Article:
Not a compliment or an insult. Just an honest reaction, which is the basis/point of any worthwhile critique IMO. I phrased it the way I did for a reason, hoping you would see how a viewer reacts to the work, and possibly explain your idea more.
By brash, I just meant that it is bright and bold; it calls attention to itself as being "lit," while the examples from the '70's you shared are more evenly lit, and have lighting that is less specifically noticeable to most viewers.
"Truth and love are my law and worship. Form and conscience are my manifestation and guide. Nature and peace are my shelter and companions. Order is my attitude. Beauty and perfection are my attack."
- Rob Tyner (1944 - 1991)
The look is more from a combination of the colour film of the time along with hot lights (really really hot lights like melt your skin hot lights). For lighting keep the softening to a minimum. They did use scrims and such with hotlights but they didint as often use the 20 ft octabanks found in todays fashion studios. beyond that balance the colour a little on the warm side (kodak film is better for this) and watch the contrast.
a trick i was shown was to "read the eyes" subject with darker eyes are better for these obvious reasons. looks like two, possibly three light-points. i think its a classic 3-pnt set up with combo of reflectors possibly a few "kickers" on her back to give proportional highlights. imho all continuous lighting (and possibly a diffused overhead flash for general fill)
if the image a mag repro the color info would be off kinda like how given her a more sunbaked appearance. heres a magnification I made of her left eye, i think there may be three distinct light points two areas A & B are pronounced which gives you a clue that it may not be using a diffusion screen on those particular lights at least.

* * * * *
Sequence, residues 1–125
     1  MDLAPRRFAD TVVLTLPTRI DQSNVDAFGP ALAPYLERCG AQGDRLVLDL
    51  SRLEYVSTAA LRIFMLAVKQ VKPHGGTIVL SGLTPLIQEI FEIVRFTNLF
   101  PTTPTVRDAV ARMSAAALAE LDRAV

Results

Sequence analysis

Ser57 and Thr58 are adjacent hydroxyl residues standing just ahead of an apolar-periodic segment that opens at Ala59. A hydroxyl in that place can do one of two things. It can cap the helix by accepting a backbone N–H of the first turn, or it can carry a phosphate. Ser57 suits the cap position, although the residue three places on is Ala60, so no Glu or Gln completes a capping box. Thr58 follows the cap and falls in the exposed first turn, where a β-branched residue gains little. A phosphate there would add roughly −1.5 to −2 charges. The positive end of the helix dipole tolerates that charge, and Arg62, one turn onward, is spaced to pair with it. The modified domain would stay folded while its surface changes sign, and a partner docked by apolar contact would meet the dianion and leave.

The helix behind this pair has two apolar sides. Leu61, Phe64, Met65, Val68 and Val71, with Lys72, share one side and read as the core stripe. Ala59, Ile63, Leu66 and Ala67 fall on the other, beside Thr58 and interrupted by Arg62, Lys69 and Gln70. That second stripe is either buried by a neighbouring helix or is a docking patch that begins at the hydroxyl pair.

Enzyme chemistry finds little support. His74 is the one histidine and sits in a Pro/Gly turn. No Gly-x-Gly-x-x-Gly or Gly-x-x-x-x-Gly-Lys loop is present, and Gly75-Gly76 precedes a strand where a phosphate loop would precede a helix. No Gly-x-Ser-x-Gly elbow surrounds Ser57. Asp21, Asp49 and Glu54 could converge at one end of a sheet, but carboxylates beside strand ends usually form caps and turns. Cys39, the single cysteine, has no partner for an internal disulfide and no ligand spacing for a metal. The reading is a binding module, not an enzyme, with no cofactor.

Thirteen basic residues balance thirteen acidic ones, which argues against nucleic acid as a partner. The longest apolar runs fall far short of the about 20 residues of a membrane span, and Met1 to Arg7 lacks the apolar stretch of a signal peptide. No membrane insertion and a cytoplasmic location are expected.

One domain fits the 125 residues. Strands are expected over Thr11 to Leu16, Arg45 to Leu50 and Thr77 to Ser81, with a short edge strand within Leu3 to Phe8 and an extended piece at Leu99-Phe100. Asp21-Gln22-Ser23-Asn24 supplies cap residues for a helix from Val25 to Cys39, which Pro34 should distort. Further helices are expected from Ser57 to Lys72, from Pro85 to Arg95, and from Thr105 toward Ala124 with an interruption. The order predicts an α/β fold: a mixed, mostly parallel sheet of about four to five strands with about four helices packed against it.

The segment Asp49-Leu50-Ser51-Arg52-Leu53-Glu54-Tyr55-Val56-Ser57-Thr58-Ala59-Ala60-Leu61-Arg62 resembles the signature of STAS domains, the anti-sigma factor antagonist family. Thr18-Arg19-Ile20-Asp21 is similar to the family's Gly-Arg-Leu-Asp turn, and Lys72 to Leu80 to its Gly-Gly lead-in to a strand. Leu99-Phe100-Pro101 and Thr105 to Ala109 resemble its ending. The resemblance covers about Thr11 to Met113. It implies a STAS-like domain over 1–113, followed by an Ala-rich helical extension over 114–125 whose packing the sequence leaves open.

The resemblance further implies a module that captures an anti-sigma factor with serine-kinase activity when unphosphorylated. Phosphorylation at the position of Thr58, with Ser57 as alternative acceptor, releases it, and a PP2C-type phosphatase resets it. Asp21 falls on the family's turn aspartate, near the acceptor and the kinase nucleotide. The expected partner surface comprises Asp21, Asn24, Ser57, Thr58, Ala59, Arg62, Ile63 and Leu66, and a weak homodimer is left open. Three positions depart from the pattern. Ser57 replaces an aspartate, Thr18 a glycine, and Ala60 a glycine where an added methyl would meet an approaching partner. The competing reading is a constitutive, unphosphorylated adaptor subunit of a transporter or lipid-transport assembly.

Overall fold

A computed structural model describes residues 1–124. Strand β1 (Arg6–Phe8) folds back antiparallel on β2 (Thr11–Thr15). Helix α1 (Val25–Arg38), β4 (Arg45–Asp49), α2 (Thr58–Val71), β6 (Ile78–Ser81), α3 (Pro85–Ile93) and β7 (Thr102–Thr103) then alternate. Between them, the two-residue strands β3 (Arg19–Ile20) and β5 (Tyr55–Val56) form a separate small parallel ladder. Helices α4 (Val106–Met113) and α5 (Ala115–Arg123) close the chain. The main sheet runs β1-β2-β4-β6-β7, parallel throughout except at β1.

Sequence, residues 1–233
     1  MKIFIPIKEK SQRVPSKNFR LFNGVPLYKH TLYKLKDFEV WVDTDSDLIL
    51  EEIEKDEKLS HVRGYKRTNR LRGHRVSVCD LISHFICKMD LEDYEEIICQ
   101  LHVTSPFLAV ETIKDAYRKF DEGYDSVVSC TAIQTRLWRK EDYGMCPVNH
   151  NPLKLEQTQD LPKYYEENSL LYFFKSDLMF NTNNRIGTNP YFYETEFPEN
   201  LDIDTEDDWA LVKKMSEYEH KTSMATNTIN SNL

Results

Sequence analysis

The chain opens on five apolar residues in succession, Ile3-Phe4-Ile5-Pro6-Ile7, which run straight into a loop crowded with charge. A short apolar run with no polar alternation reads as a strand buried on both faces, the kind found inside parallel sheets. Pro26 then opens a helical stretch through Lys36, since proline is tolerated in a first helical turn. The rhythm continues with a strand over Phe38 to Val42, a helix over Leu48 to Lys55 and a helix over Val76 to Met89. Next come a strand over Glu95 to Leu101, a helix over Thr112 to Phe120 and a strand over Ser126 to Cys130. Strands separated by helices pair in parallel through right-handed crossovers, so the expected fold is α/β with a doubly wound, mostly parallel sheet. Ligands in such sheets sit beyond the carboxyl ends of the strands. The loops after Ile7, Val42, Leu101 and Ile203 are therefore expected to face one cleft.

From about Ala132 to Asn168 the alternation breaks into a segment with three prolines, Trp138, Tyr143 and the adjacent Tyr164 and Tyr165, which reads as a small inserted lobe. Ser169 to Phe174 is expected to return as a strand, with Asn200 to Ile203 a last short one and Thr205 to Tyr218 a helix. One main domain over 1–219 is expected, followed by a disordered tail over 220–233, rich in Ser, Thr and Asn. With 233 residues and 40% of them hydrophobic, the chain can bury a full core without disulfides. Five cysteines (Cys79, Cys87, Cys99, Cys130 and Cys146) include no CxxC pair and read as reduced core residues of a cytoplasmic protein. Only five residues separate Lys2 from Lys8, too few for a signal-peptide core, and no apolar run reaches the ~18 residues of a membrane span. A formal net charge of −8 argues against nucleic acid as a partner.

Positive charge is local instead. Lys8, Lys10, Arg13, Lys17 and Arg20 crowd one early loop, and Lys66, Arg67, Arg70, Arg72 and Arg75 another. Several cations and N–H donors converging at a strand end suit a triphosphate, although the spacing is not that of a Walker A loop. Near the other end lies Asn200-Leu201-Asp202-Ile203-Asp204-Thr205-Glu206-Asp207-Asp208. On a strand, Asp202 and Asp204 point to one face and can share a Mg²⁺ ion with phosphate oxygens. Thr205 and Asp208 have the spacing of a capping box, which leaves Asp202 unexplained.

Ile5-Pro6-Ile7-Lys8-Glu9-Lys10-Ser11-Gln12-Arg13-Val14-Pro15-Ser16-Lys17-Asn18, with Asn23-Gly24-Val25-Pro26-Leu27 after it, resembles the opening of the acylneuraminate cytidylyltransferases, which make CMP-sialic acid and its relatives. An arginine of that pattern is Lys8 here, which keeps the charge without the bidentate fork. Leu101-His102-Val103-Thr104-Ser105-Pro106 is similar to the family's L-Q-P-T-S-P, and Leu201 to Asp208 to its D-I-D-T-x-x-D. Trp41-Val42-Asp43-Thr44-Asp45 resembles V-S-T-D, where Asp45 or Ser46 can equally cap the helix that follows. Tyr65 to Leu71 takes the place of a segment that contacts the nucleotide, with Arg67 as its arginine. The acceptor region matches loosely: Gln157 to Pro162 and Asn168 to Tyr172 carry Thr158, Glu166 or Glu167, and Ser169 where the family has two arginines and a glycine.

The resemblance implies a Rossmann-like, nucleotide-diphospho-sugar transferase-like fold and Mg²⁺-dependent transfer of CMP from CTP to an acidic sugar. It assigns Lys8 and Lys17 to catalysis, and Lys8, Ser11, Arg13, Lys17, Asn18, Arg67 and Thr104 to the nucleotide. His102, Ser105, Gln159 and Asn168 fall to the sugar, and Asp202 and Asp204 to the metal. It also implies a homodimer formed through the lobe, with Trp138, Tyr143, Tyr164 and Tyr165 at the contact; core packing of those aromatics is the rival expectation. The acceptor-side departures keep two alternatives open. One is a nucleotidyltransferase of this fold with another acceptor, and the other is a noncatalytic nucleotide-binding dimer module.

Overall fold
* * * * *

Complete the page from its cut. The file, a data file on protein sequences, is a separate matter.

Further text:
hope this helps...
"The real work was thinking, just thinking." - Charles Chaplin
Regarding the last two images you posted: in the second image, if you look at the area under the subject's right arm, there are two distinct shadows, sharp-edged and of different densities. In the first image, this effect would have shown up where the shadow of her leg falls on the bookcase, but there you have a simple umbra/penumbra with a fairly broad edge. I suspect that this comes from your use of a softbox, where the brightness is pretty even across its width. A lamp in an aluminum reflector acts like a bright, hard light in the center, surrounded by a softer light with a very broad pattern (usually 60-90 degrees, sometimes more). The broad light gives the overall fill that keeps the shadows from going very dark, and the bright lamp in the center creates the multiple shadow lines.
Back then, it was widely understood (correctly or otherwise) that color film did not have the exposure latitude of B/W, so lighting ratios were kept very low by modern standards. Also, may of the "signature" photos were intended for reproduction, where it is easy to compensate for low contrast, but impossible to restore dead shadows or burned-out highlights. It was definitely true that film speeds were typically lower than we are used to today (High Speed Ektachrome, tungsten balanced was all of 125 ASA), so there was a strong tendency to keep the lights in fairly close and this also meant that there wasn't likely to be a large lighting ratio.
If you are good with a light meter and not too concerned with color fidelity, you can combine flash and continuous light---it would be best to light the background with a flood if you only have two working flashes, to preserve the multiple shadow edges that make up so much of "that 70s look".